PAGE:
Ceramic analysis sheds light on xenophobia, 1300 years too late | Georgetown College

Sancai ceramics analyzed by Zheng as part of his research.

June 7, 2022

Posted in News
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Tagged Art & Art History, History Department, Research, Student

How do you know what people in the 7th century thought of foreigners? According to Xin Zheng (C’23), you should examine their pottery.

This spring, Zheng, a double major in art history and history, presented her paper on the representation of ethnic minorities in Tang Dynasty (618-907) pottery at the SUNY New Paltz Undergraduate Art History Symposium. Zheng began his research in a class on Chinese art taught by Michelle Wang, a professor in the Department of Art and Art History.

From class to colloquium

Zheng analyzed the artwork adorning the tricolor glazed pottery, or sancaito understand cultural attitudes around those depicted in ceramics.

Xin Zheng (C’23)

“Chinese pottery has always captivated foreign and domestic audiences,” Zheng said. “With the inclusion of foreign dancers, musicians, and animals in the design of sancai wares, it feels like foreigners were welcomed in the Tang Dynasty.”

During the 6th and 7th centuries, foreigners were an integral part of Chinese life, with some living and working in cities like Chang’an and Luoyang. Foreign goods were sold in markets and foreign fashions were worn. Although their presence can be understood as acceptance, Zheng argues that their representation in sancai was anything but a party.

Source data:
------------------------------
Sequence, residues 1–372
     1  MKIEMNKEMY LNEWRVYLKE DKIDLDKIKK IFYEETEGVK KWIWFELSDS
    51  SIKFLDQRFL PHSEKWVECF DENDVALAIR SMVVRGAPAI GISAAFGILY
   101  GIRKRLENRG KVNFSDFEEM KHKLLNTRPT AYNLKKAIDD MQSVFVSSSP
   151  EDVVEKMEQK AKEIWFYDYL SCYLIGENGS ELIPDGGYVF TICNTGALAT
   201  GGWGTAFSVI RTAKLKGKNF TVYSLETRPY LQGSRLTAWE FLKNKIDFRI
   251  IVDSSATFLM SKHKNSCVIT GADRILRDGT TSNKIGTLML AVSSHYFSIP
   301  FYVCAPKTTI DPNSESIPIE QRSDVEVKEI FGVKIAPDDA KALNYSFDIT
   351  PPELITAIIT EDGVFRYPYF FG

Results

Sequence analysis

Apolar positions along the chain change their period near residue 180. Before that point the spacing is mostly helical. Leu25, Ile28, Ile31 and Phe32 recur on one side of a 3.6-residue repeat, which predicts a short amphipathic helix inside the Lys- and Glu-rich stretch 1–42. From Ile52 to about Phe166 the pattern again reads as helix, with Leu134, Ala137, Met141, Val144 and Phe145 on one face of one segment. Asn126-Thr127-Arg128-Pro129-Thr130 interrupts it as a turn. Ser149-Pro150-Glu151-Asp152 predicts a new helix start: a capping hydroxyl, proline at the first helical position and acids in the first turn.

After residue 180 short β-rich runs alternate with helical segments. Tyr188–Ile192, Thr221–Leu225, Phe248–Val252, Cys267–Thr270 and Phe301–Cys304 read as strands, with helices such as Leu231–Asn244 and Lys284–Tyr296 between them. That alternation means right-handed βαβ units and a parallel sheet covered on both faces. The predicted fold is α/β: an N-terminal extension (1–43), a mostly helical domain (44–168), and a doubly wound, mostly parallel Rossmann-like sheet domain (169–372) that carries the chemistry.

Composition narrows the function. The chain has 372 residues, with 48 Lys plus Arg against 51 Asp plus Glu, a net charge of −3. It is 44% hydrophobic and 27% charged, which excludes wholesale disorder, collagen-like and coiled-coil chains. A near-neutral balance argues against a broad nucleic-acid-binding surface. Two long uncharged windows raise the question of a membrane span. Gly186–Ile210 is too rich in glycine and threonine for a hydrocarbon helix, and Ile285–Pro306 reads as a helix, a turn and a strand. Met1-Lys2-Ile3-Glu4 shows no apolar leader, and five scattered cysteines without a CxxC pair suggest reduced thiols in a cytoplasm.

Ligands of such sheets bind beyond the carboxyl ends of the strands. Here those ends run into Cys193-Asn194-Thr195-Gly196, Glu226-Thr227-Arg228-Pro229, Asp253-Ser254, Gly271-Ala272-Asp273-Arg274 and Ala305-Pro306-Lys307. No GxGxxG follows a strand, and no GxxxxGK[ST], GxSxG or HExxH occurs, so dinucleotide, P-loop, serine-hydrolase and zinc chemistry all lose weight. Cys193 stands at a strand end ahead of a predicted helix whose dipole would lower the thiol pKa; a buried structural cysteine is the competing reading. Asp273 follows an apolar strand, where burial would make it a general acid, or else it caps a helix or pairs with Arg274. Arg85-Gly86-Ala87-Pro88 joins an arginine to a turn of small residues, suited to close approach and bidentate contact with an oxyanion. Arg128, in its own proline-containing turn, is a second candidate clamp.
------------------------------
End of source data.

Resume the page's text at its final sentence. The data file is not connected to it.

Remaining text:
“We know that many foreigners have gone to China as doctors, military advisers, lawyers and scholars,” Zheng said. “But they weren’t included in sancai. Instead, portrayals of outsiders emphasize their inferiority. You see foreign characters shirtless, drunk or dancing. You don’t see any government officials or military personnel included in the ceramic design”

Art as an educator

The sancai adorning the tombs are more than a treasure trove of artifacts, the expanse of surviving samples provides a fantastic lens through which to view Tang China. These wares not only represent first-hand accounts for an art historian, they are a phenomenal entry point for a beginning researcher.

“Works of art and architectural sites shape and are shaped by the historical moment in which they were created,” says Wang. “Like historians, art historians are also interested in questions of chronological succession and historical periodization. What distinguishes art history is that art historians treat works of art and architectural sites as primary sources in their own right.

For Wang, empowering undergraduates to engage in independent research is key to developing an enduring love of scholarship.

“I find that students really enjoy engaging in independent research because they appreciate having the freedom to follow their own interests and gain confidence in mastering a certain topic,” says Wang. “I helped students develop their research by emphasizing interdisciplinary research methods, encouraging the use of non-English language scholarly literature, introducing scaffolded paper assignments, essays, learning activities, peer review and seeking opportunities for students to present or publish their research.”

After graduating next year, Zheng plans to pursue a doctorate. in art history in Chinese or European art.

by Hayden Frye (’17)

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